PHASE provides the highest possible quality of primary care in remote areas that have no well functioning services, by supporting existing governmental health centres with improved buildings, essential equipment and medicines, and most importantly, staff.
PHASE Nepal offers employment to dedicated qualified Nepali staff in governmental health posts in liaison with District Health Offices (DHOs). Usually these health workers are female “Auxiliary Nurse Midwives” (ANMs), who have 18 months training and experience in antenatal and delivery care and can supplement the skills of the governmental community health workers. PHASE also employs staff nurses or Health Assistants, and sometimes Public Health Graduates, as health supervisors. Their role is to visit all health centres in turn, support the staff in their work and ensure good communication with local communities, District Health Offices and the central office in Kathmandu.
We also assist governmental staff to stay in their post by giving them extra training, financial incentives and supervision. Many of these health workers are frustrated by the difficulties of providing a good service under challenging conditions and far from easy logistical circumstances. If they are well supported, many government employees are quite happy to return to and remain in their posts.
The responsibilities of PHASE health workers include health education and awareness campaigns, family planning and maternal and child health activities, treatment of most common health problems, and are the first point of call in any health-related emergency. To all intents and purposes they perform the role of rural GPs, treating problems from typhoid fever to broken bones to dental care and tooth extractions, and they help to deliver babies safely, either in the health facility or at the woman’s home. PHASE staff undertake preventative health programmes like childhood vaccinations, antenatal care and family planning. Health awareness is also important and guidance is given on nutrition, worm-infestation, the problems associated with smoke from indoor open fires, safe water and sanitation. The staff are active leaders in the community and encourage participation and advocacy for health rights.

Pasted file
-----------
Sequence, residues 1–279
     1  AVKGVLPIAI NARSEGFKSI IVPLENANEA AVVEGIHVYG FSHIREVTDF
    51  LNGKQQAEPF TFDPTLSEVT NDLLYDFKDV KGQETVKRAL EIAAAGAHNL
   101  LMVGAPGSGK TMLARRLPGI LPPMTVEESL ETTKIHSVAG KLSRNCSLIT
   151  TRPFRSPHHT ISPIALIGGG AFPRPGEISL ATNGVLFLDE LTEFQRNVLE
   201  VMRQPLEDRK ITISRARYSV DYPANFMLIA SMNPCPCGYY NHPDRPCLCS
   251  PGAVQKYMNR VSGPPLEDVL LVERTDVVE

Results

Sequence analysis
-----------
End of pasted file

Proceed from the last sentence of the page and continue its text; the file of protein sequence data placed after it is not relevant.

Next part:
We ensure the delivery and utilisation of government-supplied medicines and top this up with other essential medication and equipment. PHASE provide in-post clinical supervision, coaching and training to our staff and to the governmental health workers, which is supported by a group of experienced British GP volunteers. PHASE developed Nepalese language clinical guidelines for primary health care in rural areas, which are now widely used, not only by are our staff, but have been adopted by district governments and other NGOs.
We estimate that each member of staff is saving at least one child’s life every month. One health worker costs PHASE about £200 per month and we invest around the same amount again in programme support costs (drug supplies, transport and travel etc) for each health centre. As most areas did not have any kind of functioning health system prior to PHASE’s interventions, the modest amount of money invested compared to the impact is remarkable and illustrative of how essential this work is.
In 2016 we support health posts in 21 communities with 50 health workers. Between 2005 and 2016 PHASE saw over 400,000 patients, assisted around 2,000 child births and built over 800 toilets. For more details see the Annual Reports.
Extract from PHASE Nepal Annual Progress Report 2014-2015:
In the last fiscal year 2014-2015, community health programmes were supported by Hrothgar & Lindsey (Bajura: Kolti, Gorkha: Chhekampar, Chumchet, Kashigaon, Keraunja, Manbu, Sirdibas, Kavre: Rayale), DFID through PHASE Worldwide (Bajura: Wai, Humla: Jair), and PHASE Worldwide (Humla: Maila, Melchham, Bajura: Baddhu, Sindhupalchowk: Fulpingkot, Hagam).